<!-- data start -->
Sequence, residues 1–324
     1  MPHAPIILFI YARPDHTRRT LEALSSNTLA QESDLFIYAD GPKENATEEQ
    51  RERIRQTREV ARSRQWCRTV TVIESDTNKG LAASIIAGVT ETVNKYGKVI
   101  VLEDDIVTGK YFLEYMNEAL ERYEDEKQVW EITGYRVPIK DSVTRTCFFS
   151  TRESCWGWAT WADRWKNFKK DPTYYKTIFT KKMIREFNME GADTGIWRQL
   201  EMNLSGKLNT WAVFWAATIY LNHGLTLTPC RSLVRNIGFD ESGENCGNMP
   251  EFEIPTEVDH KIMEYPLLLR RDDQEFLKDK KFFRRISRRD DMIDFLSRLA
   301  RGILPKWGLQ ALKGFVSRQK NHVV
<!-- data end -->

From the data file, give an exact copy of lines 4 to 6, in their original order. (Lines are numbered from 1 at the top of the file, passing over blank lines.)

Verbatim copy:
   101  VLEDDIVTGK YFLEYMNEAL ERYEDEKQVW EITGYRVPIK DSVTRTCFFS
   151  TRESCWGWAT WADRWKNFKK DPTYYKTIFT KKMIREFNME GADTGIWRQL
   201  EMNLSGKLNT WAVFWAATIY LNHGLTLTPC RSLVRNIGFD ESGENCGNMP